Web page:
Indictment
USA: a formal accusation returned by a Grand Jury, that charges a person with a serious crime. It is on the basis of an indictment that an accused person must stand trial.
Infanticide
Murder of an infant soon after its birth.
Injunction
A court order that prohibits a party from doing something (restrictive injunction) or compels them to do something (mandatory injunction).
In limine
Latin: at the beginning or on the threshold. A motion "in limine" is a motion that is tabled by one of the parties at the very beginning of the legal procedures.
In pari delicto
Latin: both parties are equally at fault. Actually, the usual use of this phrase is "in pari delicto, potior est conditio possidentis" which means that where both parties in a dispute are equally at wrong, the person in possession of the contested property will retain it (i.e. the law will not intervene).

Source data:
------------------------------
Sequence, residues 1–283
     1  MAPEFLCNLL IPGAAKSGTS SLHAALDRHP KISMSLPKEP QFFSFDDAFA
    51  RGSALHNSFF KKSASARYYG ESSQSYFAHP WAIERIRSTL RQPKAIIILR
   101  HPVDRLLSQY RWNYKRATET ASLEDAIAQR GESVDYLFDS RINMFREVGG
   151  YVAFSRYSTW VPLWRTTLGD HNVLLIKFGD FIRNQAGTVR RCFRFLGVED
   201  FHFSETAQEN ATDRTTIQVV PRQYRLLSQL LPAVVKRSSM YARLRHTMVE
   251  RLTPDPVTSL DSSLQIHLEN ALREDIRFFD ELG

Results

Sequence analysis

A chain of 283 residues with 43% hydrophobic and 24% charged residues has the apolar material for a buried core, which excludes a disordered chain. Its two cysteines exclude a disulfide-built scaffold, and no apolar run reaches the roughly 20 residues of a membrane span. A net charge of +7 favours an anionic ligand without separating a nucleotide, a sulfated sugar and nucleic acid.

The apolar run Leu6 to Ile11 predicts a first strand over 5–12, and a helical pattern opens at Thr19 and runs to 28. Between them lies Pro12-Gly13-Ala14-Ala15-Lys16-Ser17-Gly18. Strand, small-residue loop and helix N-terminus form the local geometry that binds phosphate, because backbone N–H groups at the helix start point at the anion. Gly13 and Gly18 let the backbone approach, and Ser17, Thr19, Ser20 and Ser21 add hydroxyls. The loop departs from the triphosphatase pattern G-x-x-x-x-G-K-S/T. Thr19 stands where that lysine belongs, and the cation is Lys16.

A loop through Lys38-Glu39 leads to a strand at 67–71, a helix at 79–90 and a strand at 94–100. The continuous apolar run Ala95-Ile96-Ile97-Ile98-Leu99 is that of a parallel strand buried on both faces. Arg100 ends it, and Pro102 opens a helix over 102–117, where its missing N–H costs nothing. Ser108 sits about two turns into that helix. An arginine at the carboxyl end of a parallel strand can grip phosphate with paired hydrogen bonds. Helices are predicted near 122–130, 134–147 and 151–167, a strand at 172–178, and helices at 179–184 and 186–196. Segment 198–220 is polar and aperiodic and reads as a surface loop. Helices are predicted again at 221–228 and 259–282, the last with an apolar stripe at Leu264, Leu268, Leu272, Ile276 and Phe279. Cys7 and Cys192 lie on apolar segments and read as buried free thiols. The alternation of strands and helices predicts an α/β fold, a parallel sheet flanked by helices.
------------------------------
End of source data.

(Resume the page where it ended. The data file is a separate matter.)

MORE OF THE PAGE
In personam
Latin: All legal rights are either in personam or in rem. An in personam right is a personal right attached to a specific person. In rem rights are property rights and enforceable against the entire world.
In rem
Latin: All legal rights are either in personam or in rem. In rem rights are proprietary in nature; related to the ownership of property and not based on any personal relationship, as is the case with in personam rights.
Insolvent
A person not able to pay his or her debts as they become due. "Insolvency" is a prerequisite to bankruptcy.
Inter alia